Sitting at your desk all day means companies are “haemorrhaging productivity” according to PHE chief executive Duncan Selbie.
He wants us to get up and move more, have walking meetings (it reminds me of that phrase used by bosses “walk with me” which also seemed controlling to me, but moving on, literally) because we like bursts of energy.
He thinks firms would benefit more by spending less time sitting in a chair and more time moving around. He wants employers to think about how to get people moving more.
They did a similar campaign two years to get people to stand up more, about which I posted. Standing up more is one thing but given our climate holding outdoor meetings could be quite a challenge.
However research shows that being sedentary is linked to all kinds of health problems: obesity, type 2 diabetes, some forms of cancer, and heart disease. So if you take your health seriously you should consider it.
I remember visiting the BASF factory in Munster a few years ago and seeing the outdoor meeting area (picture below). It seemed to work for them.
They use their free time to socialise with friends and family in contrast to people who have to rush home from work and juggle children and work.
Overall fewer older people say they are lonely compared to working age populations. Once they reach 80 years of age however then it’s a different story with third saying they are lonely, probably because they suffer ill-health and can’t get about so easily.
These figures have been published to coincide with the International Day of Older People and draws on the ONS’s well-being index.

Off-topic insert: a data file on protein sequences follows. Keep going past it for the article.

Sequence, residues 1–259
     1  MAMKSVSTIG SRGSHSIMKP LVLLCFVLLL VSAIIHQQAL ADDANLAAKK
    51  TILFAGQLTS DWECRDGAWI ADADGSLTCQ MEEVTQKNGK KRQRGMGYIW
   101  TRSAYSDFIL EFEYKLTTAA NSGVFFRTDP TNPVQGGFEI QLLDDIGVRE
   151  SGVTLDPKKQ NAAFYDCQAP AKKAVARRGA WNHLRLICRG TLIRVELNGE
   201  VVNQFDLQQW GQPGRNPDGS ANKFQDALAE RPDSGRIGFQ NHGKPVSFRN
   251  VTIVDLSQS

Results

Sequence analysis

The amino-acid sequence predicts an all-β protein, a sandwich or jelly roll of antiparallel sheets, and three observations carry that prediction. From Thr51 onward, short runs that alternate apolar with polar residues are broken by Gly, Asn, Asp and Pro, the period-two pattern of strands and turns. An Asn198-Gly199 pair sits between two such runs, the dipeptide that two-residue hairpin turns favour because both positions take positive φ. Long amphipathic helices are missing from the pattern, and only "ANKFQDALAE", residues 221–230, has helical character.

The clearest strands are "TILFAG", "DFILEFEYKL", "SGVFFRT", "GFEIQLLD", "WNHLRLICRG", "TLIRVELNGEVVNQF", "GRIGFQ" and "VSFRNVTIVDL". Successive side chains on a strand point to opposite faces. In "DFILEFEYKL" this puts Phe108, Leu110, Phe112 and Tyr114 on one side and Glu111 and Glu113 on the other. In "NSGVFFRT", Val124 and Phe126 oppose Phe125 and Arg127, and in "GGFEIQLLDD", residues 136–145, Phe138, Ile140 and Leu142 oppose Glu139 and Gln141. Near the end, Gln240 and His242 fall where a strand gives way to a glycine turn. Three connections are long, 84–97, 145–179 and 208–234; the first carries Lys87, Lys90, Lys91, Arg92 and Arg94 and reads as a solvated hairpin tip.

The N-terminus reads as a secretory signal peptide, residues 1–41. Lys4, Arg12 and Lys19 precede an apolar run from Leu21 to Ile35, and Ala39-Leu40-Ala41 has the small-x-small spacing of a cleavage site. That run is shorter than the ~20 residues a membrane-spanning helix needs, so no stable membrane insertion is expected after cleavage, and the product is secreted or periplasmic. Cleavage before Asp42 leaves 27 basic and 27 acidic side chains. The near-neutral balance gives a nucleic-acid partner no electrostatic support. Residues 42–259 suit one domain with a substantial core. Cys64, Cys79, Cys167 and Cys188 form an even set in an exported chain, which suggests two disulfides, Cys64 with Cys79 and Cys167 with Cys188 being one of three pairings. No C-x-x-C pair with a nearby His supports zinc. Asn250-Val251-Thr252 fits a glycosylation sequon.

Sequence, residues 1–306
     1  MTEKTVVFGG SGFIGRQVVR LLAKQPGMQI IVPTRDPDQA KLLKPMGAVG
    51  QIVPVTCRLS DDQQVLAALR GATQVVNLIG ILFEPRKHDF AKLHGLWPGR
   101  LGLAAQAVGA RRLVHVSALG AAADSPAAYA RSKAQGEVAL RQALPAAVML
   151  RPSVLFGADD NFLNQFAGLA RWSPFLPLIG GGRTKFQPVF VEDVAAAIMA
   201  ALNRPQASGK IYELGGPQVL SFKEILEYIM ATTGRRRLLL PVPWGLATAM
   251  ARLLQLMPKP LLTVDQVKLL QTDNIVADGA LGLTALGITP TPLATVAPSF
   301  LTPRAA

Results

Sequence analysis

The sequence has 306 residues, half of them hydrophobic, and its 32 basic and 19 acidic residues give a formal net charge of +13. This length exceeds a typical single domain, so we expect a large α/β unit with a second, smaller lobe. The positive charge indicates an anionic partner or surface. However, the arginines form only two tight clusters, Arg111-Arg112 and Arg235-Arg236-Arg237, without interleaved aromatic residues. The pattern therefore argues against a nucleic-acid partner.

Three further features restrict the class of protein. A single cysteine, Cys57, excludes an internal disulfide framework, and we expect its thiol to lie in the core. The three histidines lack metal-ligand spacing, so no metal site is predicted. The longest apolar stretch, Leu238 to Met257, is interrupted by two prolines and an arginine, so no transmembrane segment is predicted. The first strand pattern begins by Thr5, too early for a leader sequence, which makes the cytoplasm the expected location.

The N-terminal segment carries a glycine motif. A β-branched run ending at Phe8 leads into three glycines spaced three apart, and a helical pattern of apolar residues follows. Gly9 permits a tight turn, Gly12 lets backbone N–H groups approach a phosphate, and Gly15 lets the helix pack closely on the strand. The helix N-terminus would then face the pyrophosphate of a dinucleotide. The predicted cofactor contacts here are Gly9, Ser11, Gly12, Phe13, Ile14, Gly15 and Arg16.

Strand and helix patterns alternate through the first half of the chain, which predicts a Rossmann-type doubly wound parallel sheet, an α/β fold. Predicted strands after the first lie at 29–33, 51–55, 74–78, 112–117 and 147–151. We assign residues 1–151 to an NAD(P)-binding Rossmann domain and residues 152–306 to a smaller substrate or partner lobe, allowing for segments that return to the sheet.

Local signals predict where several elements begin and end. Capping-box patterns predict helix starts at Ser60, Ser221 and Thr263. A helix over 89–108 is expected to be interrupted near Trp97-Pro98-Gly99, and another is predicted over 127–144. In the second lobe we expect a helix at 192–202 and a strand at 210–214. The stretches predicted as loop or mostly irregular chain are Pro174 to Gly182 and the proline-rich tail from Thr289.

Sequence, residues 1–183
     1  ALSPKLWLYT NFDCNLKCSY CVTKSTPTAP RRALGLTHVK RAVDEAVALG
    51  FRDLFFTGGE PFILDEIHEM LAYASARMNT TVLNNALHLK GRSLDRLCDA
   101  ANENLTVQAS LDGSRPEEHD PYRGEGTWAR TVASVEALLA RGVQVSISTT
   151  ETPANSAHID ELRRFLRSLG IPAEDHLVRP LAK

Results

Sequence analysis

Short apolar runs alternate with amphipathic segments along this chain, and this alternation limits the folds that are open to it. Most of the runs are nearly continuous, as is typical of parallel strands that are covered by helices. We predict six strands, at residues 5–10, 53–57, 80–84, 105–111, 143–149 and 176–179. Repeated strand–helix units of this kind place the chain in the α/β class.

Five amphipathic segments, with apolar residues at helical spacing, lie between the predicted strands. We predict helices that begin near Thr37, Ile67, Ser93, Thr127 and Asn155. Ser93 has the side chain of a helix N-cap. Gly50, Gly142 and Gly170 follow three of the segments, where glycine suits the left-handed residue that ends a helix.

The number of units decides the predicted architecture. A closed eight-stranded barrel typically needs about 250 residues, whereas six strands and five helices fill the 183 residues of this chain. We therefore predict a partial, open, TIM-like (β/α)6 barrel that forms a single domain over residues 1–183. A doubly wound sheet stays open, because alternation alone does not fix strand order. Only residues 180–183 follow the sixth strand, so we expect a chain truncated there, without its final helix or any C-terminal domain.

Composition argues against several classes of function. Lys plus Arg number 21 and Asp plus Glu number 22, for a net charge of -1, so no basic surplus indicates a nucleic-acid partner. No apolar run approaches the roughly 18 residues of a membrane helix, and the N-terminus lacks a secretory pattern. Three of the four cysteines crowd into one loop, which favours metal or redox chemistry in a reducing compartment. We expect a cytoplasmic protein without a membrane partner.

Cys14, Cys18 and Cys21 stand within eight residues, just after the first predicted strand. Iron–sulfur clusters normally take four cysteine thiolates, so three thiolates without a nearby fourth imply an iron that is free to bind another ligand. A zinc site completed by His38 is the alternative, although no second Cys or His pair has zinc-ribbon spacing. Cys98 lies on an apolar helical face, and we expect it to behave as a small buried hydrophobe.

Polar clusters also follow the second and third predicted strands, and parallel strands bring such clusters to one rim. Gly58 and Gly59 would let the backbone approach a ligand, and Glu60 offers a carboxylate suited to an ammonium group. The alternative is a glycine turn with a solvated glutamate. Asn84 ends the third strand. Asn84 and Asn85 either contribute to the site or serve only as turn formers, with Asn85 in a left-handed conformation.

The ONS think that the contrast between older people who are retired and people of working age may be due to the more mature outlook that comes with age.
Apparently our body clocks aren’t aligned to a 9-to-5 working day and this poses a serious threat to our performance, mood, and mental health.
Dr Paul Kelley believes that there needs to be a huge change to move work times to fit with the circadian rhythms of employees to avoid storing up health problems.
And furthermore staff don’t get back to a 0900 start until they reach 55. So “staff are usually sleep-deprived… and this is hugely damaging top the body’s emotional and performance systems”.
He doesn’t believe we can change our 24-hour rhythms and learn to get up at a certain time because our bodies are attuned to sunlight and its effect on the hypothalamus.
This is separate from the ill-effect of working long hours.
Extreme workers beware!
More recently there was inter-departmental infighting between the Department of Health and the DTI about opting out of the EU Working Time regulations (which set a maximum of 48 hours). Health had commissioned research which clearly showed that working over 50 hours a week, especially for men, led to and increased risk of heart disease and stroke.
The latest news from University College, London, based on a study of over 500,000 workers from the US, Europe, and Australia, is that working more than 55 hours a week increases the risk of a heart attack by 13%.